Overwhelming and overcrowded yet efficient and energising, the Japanese capital charms and terrifies in equal measure says Nick Coldicott
It’s the world’s most populated metropolis, a powerhouse of finance, fashion, art, industry and – according to Michelin and others – the dining capital of the world. Tokyo has come of age as a must-visit destination.
Yes, it’s congested, and yes, it’s draped in neon, wrapped in etiquette and can be terribly expensive, but as long as you’re not expecting a calm experience, this city will dazzle, baffle and charm you in equal measure.
The pace of Tokyo can be breathtaking, but so can its efficiency. No other city of this size works quite so well, nor manages to be this civil. Crime is incredibly low, trains and buses turn up on time, and even among crammed-in rush-hour passengers, tempers almost never fray.
The bad news is that there are more rules than you could hope to learn; the good news is that nobody expects you to learn them. The one big, break-at-your-peril social edict is that you must take off your shoes when entering Japanese-style restaurants, izakaya (pubs) and anywhere else you see a shoebox at the entrance. Other than that, you’ll usually be forgiven for your faux pas.
Get in the mood for Tokyo by reading The Encyclopedia of Japanese Pop Culture (Weatherhill, 1997) by Mark Schilling. Though written over a decade ago, it still stands as the best intro to Japan’s quirky preoccupations.
Tokyo is served by two major airports; chances are you’ll arrive at Narita, 60km east of Tokyo in Chiba Prefecture. Plan plenty of time for immigration, and be prepared to offer your digits for fingerprinting.
If you’re looking to pick up a rental mobile phone, this is the place to do it: look for the Softbank kiosks in the arrival halls.
Don’t even think about driving. Taxis might be convenient in many cities, but this is the nation of superb public transport, and you’ll get into town much quicker, not to mention ¥35,000 (£260) richer, by taking the new Skyliner to Ueno Station. It takes less than 45 minutes and costs ¥2,200 (£16). If staying on the west side of town, the Narita Express is more convenient. It takes twice as long as the Skyliner, but drops at Shinjuku or Ikebukuro stations.
Feeling flush? You can reach the city by helicopter. The MCAS chopper will shuttle you from Narita to a helipad in central Tokyo, where a limo will whisk you to your hotel. At ¥45,000 (£333) one way, it’s only slightly pricier than a cab.
Traditional Japanese? Try a ryokan. Creature comforts and pampering? Tokyo is now blessed with more luxury chain hotels than it probably needs. Saucy fun? Tokyo’s love hotels can be a giggle. Cheaper the better? Try a capsule hotel, though one night might be enough. Self-catering? Forget about it – you’ll want to eat out as often as possible.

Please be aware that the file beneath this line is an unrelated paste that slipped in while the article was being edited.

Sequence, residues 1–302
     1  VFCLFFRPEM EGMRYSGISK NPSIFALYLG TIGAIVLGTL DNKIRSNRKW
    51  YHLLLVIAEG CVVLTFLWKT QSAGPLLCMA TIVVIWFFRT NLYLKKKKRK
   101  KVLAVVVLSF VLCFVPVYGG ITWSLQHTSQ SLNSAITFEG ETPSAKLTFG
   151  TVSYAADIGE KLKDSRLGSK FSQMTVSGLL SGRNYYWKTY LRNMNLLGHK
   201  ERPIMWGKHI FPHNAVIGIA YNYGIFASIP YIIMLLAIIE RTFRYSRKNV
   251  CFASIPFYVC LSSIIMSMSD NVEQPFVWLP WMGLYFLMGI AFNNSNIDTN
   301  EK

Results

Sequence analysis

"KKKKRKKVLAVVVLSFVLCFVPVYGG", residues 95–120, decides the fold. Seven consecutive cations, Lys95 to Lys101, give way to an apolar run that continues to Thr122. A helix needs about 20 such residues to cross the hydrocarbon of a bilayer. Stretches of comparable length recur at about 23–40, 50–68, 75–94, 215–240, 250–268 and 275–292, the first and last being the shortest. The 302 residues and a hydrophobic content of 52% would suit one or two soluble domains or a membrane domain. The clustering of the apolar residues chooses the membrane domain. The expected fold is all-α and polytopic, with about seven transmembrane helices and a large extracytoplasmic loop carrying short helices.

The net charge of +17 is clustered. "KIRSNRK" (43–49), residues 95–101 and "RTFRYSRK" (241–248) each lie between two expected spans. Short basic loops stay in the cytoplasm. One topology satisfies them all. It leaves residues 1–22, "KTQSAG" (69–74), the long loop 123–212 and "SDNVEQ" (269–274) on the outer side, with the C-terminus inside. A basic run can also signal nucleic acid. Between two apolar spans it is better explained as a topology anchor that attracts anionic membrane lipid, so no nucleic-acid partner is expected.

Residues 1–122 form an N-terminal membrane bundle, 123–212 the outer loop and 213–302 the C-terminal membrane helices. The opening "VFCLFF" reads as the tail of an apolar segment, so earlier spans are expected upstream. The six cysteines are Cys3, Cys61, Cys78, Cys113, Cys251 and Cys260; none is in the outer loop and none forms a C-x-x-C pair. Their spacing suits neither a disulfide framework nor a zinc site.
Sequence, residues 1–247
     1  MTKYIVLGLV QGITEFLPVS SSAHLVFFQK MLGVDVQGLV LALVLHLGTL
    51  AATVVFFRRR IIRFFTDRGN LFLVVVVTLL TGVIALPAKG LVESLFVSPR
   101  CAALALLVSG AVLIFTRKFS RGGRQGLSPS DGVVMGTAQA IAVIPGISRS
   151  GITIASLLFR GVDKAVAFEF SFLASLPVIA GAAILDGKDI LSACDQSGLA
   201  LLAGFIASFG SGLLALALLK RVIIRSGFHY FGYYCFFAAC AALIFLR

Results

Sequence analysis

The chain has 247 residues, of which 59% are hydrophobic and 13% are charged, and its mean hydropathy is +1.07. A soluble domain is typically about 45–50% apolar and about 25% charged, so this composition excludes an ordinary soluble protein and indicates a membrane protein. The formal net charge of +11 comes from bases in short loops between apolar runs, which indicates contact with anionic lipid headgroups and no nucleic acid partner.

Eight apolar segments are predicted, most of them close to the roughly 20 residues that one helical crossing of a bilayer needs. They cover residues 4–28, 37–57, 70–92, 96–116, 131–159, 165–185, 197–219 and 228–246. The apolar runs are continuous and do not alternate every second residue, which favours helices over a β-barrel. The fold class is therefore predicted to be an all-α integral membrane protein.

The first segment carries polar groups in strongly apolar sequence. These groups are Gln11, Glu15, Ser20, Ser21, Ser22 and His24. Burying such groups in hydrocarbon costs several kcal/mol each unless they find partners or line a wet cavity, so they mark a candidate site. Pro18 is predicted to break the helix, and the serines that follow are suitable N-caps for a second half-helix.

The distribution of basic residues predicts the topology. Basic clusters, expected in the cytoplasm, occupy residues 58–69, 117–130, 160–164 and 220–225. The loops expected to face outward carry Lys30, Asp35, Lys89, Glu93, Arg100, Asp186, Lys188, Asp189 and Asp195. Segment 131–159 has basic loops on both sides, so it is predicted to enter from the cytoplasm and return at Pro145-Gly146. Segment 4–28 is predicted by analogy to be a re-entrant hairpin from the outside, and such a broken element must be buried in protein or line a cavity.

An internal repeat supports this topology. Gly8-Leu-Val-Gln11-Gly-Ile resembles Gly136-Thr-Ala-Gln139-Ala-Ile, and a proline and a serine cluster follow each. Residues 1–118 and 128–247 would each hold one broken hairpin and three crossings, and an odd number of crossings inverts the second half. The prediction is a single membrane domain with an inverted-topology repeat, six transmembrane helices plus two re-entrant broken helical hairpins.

If you like your city on a plate, pick a hotel in Shinjuku, Shibuya, Roppongi or Ginza. If you want something a little calmer and cheaper, Ueno or Asakusa are a good bet.
Top-end: The Peninsula, between the luxury playgrounds of Ginza and Marunouchi, by the Imperial Palace, has a stunning interior by design star Yukio Hashimoto. Doubles from an eyewatering ¥60,000 (£445).
Mid-range: Hotel Niwa, a former ryokan reborn as a hotel in 2009, kept the Japanese design touches, elegant service and peaceful location. Doubles from ¥12,000 (£89).
Budget: K’s House Tokyo Oasis is a Japanese-accented hostel in historic Asakusa, with comfortable doubles, clean dorms, free WiFi and a fully equipped kitchen. Doubles from ¥4,400 (£33) pp, dorms from ¥2,900 (£21).
Pick up a Suica or PASMO magnetic travel card at any train or metro station. These are valid for most kinds of public transport, including buses, and will take the pain out of figuring out fares.
Awake early with jetlag? One of Tokyo’s top tourist attractions is over by breakfast. To get a ticket for the Tsukiji fish market’s famous tuna auction, head there before 5am.
Later, head to Asakusa, where you’ll find Tokyo’s oldest Buddhist temple, Asakusa Kannon, as well as streets full of time-warp shops and eateries. Then head three stops south on the Ginza metro line to Ueno, where you’ll find the city’s liveliest street market, Ameyoko, as well as the treasure-laden National Museum.
If you’ve come for the sensory assault of modern Tokyo, head to Shibuya, Shinjuku or Harajuku.
In Shibuya you’ll find the world’s busiest pedestrian crossing; in Shinjuku, the world’s busiest train station leading to those streets of neon-edged skyscrapers; and in Harajuku you’ll find outrageous street fashion and snap-worthy architecture ranging from a Kenzo Tange masterpiece (the Yoyogi National Gymnasium) to the city’s largest shrine, Meiji-jingu.
Save the evening for some serious eating and drinking. If your budget is big enough, try Ryugin for creative modern Japanese fare. At the other end of the spectrum, Kamiya Bar (Asakusa) is an institution that serves greasy Japanese pub grub with jugs of beer and its own bizarre liquor Denki Bran.
Stay. This is a city that gets better with each day. It’s a baffling cacophony at first, and stays that way no matter how long you’re here, but as long as you approach Tokyo not as a city to tick off famous sights, but as a pulsating metropolis to submit to, you’ll find it hard to tear yourself away.
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